Oakland’s new French restaurant Occitania offers a lesson in food, art and history
Chef Paul Canales is all about the details. From poring over the ingredients for a classic bouillabaisse to selecting local artwork for his new Oakland restaurant, Occitania, he gets involved on every level. After years of running the kitchen of Oliveto, the Italian standard in the East Bay, before branching out into Spanish cuisine in Duende, Canales is now embarking on an exploration of the cuisine of the south of France – and he wants show diners a side of French cuisine that they may not know. “There will be classic things that echo that kind of [French] restaurant,” says Canales. “But the food will certainly be much more varied than what you see in any French place here.”
Canales has been working on Occitanie since October 2020 and the restaurant is set to debut at Hotel Kissel Uptown Oakland on June 1. The opportunity to cook French dishes influenced by the former linguistic region of Occitanie excited Canales. The region touches parts of Italy and Spain, whose cuisine Canales knows intimately from his experiences in Oliveto and Duende. “Now I have huge creative possibilities, in terms of digging into the cuisines of these regions,” says Canales.
The menu is ambitious, with time-consuming dishes like lamb shank and homemade sausages, pâtés and rillettes. Smaller dishes range from lighter dishes like asparagus and leeks topped with egg, parmesan, walnuts and vinaigrette to calamari braised in red wine and served with aioli. The snail makes an appearance, as does the pigeon three ways served with an olive tapenade. For mains, a seafood stew called bourride provencale includes petral sole and prawns; for heavier dishes, there’s a luxurious lamb shank slow-cooked in red wine and garlic, then grilled and served with spring vegetables. Already, Canales has plans for several dishes that will rotate on the menu or how items will shift and change with available products. For example, he has already tested a bouillabaisse made from scorpion fish and a large aioli made from salted cod to accompany vegetables and poached prawns.
Even though the menu delves deep into French culture and cuisine, Canales wants to retain some of the recognizable bistro classics, especially since the restaurant is inside a hotel and welcomes visitors. There’s a steak and fries dish, with prime New York steak and the requisite fries; onion soup with croutons and gruyere cheese; and a Lyonnaise salad. Canales knew he wanted to include a burger, and the version that landed on the menu recreates the one he had growing up in Fresno in the late 1960s, dubbed the French burger, from a restaurant called Cafe Midi. Canales spent two months researching how to make this burger and developing it with his siblings until he found the right notes: bread slathered in garlic butter and a 50/50 mix of parmesan cheese and of Dijon mustard garnished with caramelized onions, mushrooms and Gruyere cheese.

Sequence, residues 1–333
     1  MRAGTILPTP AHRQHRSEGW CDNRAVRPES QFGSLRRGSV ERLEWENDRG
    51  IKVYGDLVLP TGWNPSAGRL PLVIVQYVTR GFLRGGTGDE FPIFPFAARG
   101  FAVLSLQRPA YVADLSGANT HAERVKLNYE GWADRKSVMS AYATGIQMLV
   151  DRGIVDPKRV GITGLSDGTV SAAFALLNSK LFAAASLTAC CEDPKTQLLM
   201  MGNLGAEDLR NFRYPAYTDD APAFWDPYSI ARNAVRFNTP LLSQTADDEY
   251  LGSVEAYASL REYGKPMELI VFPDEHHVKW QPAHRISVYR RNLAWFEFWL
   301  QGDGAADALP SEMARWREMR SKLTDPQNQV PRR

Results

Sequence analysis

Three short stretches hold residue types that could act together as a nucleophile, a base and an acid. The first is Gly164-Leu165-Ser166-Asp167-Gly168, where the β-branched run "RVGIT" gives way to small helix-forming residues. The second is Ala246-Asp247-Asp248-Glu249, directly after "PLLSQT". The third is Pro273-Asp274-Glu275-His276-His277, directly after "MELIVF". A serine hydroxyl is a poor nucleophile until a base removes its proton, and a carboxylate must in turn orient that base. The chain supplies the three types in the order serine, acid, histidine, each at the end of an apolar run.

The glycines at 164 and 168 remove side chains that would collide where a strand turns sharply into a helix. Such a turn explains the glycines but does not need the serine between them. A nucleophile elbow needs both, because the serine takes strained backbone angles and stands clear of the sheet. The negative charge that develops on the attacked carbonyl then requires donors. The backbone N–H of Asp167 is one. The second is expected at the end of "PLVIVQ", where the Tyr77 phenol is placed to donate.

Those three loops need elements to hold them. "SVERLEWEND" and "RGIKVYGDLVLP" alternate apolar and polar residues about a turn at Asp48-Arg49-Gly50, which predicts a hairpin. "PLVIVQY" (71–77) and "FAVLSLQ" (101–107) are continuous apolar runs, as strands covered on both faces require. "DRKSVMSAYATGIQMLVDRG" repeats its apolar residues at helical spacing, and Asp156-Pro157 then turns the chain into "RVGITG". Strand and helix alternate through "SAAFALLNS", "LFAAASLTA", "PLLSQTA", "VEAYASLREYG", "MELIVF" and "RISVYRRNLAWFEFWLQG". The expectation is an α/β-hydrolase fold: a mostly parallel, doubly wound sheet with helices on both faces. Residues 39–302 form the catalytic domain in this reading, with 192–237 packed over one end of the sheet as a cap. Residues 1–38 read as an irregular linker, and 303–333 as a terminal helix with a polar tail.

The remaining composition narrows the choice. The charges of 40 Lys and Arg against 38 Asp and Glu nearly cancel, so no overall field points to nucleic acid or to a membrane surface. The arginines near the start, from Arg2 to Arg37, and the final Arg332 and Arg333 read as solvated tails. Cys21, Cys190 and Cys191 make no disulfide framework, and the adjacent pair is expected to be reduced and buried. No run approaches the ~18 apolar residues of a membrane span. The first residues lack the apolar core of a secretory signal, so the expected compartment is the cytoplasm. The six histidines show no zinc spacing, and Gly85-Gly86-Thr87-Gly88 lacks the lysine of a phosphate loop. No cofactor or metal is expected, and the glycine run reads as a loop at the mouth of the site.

The drinks menu will feature an extensive selection of French wines, with some offerings from Italy, Spain and California, as well as a list of French aperitifs and local beers. The cocktail section focuses on the classics, with some drinks using fresh ingredients like a spritz made with Aperol, charred cara cara orange, rosemary white vermouth and cava, or the Waking Joseph, which pairs vodka with lemongrass, ginger, pineapple, mata bianco, lime and coriander.
For the restaurant itself, Canales brought on Arcsine to shape the space, having worked together on Duende. Ceramic art pieces by Peter St. Lawrence suspended above the tables dominate the main space; the abstract forms feature gold leaf meant to reflect light and allude to the mistral winds that blow in the south of France. Textile artist Ramona Downey’s two wall hangings in shades of red recall the color fields of Mark Rothko, says Canales, while a mural by Sam Strand anchors the private dining room.
Canales pauses at one point to explain the history of the Occitanie region and its food, and says, “Of course, you’ve probably figured out by now that my father was a history teacher,” before proclaiming himself an amateur historian. “engaging in history” through this restaurant and all of its elements. “I live in food as a creative expression of what I do,” says Canales. “Because you’re in a restaurant doing 14 to 16 hours a day, you have to have a reason to show up there every day, and it’s not because I want my picture on the front of every magazine. on glossy paper – I do this for internal reasons. So I need this, this torture, this reason to show myself every day, this thing that compels me. So I found it in Occitania .
Occitania (422 24th St, Oakland) debuts Wednesday, June 1 and will be open from 5 p.m. to 9:30 p.m. Wednesday through Sunday, with extended hours until 10:30 p.m. Friday and Saturday. The restaurant is expected to expand its opening hours to include lunch and weekend brunch shortly.